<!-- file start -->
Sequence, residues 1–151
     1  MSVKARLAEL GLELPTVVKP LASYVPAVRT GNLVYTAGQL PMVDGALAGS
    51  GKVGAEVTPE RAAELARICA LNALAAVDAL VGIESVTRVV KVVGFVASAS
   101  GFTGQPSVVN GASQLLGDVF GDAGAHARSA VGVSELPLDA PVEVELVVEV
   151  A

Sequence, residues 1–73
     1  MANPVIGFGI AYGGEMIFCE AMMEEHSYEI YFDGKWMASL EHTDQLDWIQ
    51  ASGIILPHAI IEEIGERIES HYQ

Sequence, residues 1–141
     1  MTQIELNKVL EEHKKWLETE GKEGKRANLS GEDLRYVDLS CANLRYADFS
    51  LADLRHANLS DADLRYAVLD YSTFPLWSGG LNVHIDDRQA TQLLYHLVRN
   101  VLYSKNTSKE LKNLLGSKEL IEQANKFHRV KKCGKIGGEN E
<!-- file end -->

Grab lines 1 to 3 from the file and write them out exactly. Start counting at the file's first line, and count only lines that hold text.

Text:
Sequence, residues 1–151
     1  MSVKARLAEL GLELPTVVKP LASYVPAVRT GNLVYTAGQL PMVDGALAGS
    51  GKVGAEVTPE RAAELARICA LNALAAVDAL VGIESVTRVV KVVGFVASAS